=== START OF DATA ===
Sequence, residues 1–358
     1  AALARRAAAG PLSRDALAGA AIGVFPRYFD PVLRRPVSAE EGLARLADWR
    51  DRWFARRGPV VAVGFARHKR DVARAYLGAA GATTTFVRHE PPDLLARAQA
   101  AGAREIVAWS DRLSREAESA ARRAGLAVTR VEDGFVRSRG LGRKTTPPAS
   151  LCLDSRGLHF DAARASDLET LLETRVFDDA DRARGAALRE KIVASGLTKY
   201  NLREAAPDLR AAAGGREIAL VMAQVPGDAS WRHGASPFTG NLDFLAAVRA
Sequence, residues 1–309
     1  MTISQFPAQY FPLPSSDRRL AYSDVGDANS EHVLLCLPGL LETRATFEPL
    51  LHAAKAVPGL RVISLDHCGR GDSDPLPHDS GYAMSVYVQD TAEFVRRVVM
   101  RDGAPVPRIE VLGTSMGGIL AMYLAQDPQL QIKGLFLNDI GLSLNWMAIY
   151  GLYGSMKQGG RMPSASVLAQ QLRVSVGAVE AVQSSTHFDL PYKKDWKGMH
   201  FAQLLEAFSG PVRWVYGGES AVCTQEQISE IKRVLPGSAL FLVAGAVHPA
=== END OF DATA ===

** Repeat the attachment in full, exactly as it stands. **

Sequence, residues 1–358
     1  AALARRAAAG PLSRDALAGA AIGVFPRYFD PVLRRPVSAE EGLARLADWR
    51  DRWFARRGPV VAVGFARHKR DVARAYLGAA GATTTFVRHE PPDLLARAQA
   101  AGAREIVAWS DRLSREAESA ARRAGLAVTR VEDGFVRSRG LGRKTTPPAS
   151  LCLDSRGLHF DAARASDLET LLETRVFDDA DRARGAALRE KIVASGLTKY
   201  NLREAAPDLR AAAGGREIAL VMAQVPGDAS WRHGASPFTG NLDFLAAVRA
Sequence, residues 1–309
     1  MTISQFPAQY FPLPSSDRRL AYSDVGDANS EHVLLCLPGL LETRATFEPL
    51  LHAAKAVPGL RVISLDHCGR GDSDPLPHDS GYAMSVYVQD TAEFVRRVVM
   101  RDGAPVPRIE VLGTSMGGIL AMYLAQDPQL QIKGLFLNDI GLSLNWMAIY
   151  GLYGSMKQGG RMPSASVLAQ QLRVSVGAVE AVQSSTHFDL PYKKDWKGMH
   201  FAQLLEAFSG PVRWVYGGES AVCTQEQISE IKRVLPGSAL FLVAGAVHPA